The series ended with Joan's last curtain call in 1977 when she, alone in her apartment save for her longtime helper Mamacita, died from cancer. But before her death scene came the old “We had a helluva time” trope that has been used so brilliantly in other pieces and doesn't disappoint here. Stepping out from her shaggy gray-haired oldness into the brilliant light of semi-youthfulness (back to around the time they filmed “Baby Jane”, so about a decade and a half earlier), she sits at a table with Jack Warner, Hedda Hopper, and Bette Davis as they discuss how miserable they made each other and how much fun they all had doing it. Neither Hedda nor Jack apologizes for their shrewd behavior against Joan, or Bette, for that matter. And they all instead have a good laugh at their cruelness. Why? Because in the end, such cruelty maybe helped to sharpen the talents of both women as they worked harder to prove the doubters wrong about them while staying relevant in an industry obsessed with youthfulness.

Hedda Hopper
What's my grade? I give it an A-. Does the series have flaws? Of course, it does. It never seemed like we quite finished the “Hush, Hush, Sweet Charlotte” story. Joan was out and suddenly, that story was just dropped. Was Bette the toast of the town again? Was Bob in the driver's seat for directing? What happened between he and Bette after that picture? Shrugs!

Even with those few complaints, there was not much else to complain about. You could make an argument that the season was an episode too short, or that it had far more cursing in it than an FX show normally has (we're talking the F-bomb was being dropped about as much as it would have been on HBO. Took me by surprise), or can even make mention that the current age of both Sarandon and Lange, in a comical twist, surpasses the ages of Bette and Joan during the actual filming of “Baby Jane” by about 10 years. However, there's something to be said artistically in getting senior-citizen-aged women (both are older than 66) to play middle-aged women (Bette would've been 55-56 during filming; Joan was 57-58), especially since so often in Hollywood younger women are tasked with playing middle-aged women. I could easily have seen Nicole Kidman as Joan and Julianne Moore as Bette, too, but even they are younger. In all, I liked the choices, and the series was yet another phenomenal entry into Murphy's catalog, even in spite of the fact that this still owes a great deal to the “Housewives” culture seen in reality TV that was rekindled by Marc Cherry's “Desperate Housewives” after the 80s saw the rise of “Dynasty.” Pitting two or more women against each other has become the default go-to trope in order to create strong-willed female characters. This show elevates that to a new paradigm to make a critique on both modern filmmaking and society.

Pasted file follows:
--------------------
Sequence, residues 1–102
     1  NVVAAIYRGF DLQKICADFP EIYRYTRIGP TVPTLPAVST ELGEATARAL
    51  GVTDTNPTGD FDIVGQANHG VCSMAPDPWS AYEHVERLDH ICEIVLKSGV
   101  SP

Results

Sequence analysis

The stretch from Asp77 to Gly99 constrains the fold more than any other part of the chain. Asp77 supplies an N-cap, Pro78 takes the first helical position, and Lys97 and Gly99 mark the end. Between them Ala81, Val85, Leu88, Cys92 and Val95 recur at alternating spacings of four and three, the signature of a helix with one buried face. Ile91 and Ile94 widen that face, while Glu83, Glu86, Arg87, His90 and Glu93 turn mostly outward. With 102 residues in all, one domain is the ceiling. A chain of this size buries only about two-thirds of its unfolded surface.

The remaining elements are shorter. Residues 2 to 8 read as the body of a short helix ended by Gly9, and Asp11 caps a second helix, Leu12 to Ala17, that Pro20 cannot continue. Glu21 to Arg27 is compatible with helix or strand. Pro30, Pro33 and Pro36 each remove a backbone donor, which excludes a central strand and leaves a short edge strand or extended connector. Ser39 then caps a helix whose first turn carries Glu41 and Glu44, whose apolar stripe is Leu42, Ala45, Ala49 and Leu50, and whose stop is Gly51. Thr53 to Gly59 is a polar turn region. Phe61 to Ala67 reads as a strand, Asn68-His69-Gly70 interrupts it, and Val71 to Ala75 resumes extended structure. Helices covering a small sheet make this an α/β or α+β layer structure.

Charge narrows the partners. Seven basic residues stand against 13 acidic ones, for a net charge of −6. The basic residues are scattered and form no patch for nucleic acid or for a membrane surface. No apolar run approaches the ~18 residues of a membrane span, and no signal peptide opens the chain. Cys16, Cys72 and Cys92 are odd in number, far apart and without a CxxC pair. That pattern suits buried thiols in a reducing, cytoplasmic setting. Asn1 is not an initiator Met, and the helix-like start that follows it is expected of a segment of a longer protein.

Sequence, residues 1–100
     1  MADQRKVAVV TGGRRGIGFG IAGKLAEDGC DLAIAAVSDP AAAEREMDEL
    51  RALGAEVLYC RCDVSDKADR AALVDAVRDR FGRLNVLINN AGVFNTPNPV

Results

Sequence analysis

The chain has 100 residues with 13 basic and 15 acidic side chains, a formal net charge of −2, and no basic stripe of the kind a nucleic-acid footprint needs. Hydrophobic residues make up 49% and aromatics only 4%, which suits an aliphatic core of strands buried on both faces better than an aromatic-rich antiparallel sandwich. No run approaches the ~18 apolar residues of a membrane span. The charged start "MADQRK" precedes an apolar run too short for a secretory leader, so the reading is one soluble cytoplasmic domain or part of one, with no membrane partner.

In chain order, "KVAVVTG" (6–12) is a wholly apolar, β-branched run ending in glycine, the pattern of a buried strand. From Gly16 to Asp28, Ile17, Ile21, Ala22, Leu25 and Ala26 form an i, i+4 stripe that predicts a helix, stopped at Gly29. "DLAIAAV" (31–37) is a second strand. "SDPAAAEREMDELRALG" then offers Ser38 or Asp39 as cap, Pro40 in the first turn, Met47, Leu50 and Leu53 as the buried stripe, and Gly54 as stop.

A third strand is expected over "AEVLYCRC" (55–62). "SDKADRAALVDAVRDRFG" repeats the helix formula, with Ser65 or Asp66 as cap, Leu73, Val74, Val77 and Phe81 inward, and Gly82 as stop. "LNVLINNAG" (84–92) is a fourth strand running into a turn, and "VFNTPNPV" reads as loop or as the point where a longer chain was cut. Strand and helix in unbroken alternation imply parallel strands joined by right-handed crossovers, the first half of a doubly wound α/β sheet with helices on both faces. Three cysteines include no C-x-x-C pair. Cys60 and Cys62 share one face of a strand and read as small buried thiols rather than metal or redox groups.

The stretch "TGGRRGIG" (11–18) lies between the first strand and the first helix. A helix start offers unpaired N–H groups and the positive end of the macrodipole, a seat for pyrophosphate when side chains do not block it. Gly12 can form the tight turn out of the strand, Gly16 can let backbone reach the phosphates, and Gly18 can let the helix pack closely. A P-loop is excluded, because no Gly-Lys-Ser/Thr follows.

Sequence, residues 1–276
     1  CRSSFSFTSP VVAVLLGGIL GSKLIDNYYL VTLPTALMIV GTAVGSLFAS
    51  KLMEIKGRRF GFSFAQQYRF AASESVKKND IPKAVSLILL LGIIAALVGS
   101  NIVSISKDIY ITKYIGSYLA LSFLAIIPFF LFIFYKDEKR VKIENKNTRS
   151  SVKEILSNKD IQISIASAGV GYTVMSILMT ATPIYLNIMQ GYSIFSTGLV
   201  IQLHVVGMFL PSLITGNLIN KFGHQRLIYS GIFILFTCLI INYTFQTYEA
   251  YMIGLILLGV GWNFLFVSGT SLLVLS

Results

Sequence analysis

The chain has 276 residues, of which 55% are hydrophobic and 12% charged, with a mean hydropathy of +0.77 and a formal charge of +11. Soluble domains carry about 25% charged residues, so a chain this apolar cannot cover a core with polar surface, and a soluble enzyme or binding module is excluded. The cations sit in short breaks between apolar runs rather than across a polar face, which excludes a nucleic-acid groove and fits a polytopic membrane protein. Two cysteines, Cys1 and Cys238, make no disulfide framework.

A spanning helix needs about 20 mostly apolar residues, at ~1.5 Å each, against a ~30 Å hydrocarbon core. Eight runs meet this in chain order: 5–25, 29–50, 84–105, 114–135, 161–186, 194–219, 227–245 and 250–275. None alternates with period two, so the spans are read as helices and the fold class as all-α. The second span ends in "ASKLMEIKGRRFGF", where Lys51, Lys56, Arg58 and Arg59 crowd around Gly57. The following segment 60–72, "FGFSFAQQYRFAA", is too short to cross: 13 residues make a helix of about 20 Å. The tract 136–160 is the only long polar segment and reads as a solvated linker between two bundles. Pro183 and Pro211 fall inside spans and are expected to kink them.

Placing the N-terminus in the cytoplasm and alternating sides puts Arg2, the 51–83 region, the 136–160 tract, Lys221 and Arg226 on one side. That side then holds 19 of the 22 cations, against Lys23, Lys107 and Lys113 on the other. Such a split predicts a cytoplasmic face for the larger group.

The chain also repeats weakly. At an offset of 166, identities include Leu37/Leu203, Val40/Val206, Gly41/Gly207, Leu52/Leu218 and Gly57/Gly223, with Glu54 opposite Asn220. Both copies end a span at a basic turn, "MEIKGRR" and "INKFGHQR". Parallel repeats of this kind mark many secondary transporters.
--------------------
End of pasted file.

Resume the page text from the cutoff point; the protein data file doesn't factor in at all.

Should you be watching? Yes. A multitude of reasons to watch spring to mind: potentially award-winning performances, great writing, the peel-back into a tough industry, an intricate dynamic between two women, etc. I'd be very surprised if it doesn't win some kind of Emmy or Golden Globe. A very short binge-able season, Feud: Bette and Joan aired on FX. Check FX on demand or I believe it is playing on VUDU or Amazon as well.

The REAL Bette Davis and Joan Crawford 

What do you think? Have you heard about Feud: Bette and Joan? If not, do you think you'll try and catch it on demand now? If you have seen it, how did you like it? Do you think it treated Bette and Joan equally or was one weighted over the other? And what was your favorite scene? And, have you seen “Whatever Happened to Baby Jane?” and/or “Hush, Hush... Sweet Charlotte” and what did you think of the two movies? Let me know in the comments below.

Check out my 5-star comedy novel, Yep, I'm Totally Stalking My Ex-Boyfriend. #AhStalking
If you’re looking for a scare, check the YA novel #AFuriousWind, the NA novel #DARKER#BrandNewHome or the bizarre horror #ThePowerOfTen. For those interested in something a little more dramatic and adult, check out #TheWriter. Both season 1 and season 2 are out NOW, exclusively on Amazon. Stay connected here for updates on season 3 coming summer 2017. If you like fast action/crime check out #ADangerousLow. The sequel A New Low will be out in a few months. Look for the mysterious Sci-fi episodic novella series Extraordinary premiering soon on Amazon and my blog. Join us on Goodreads to talk about books and TV, and subscribe to and follow my blog with that Google+ button to the right.

Until next time, “We women must stick together. No more biting and cutting each other down. No more backstabbing and—wait! Where's my knife?”
(supporting actress clamps knife) 'Uh...'

P.S. OK, that wasn't actually a sign-off quote, but a scene. Don't act like you're confused about it, you got the setup. I'm trying to make this thing short, dang it. I'll think of an actual sign-off next time.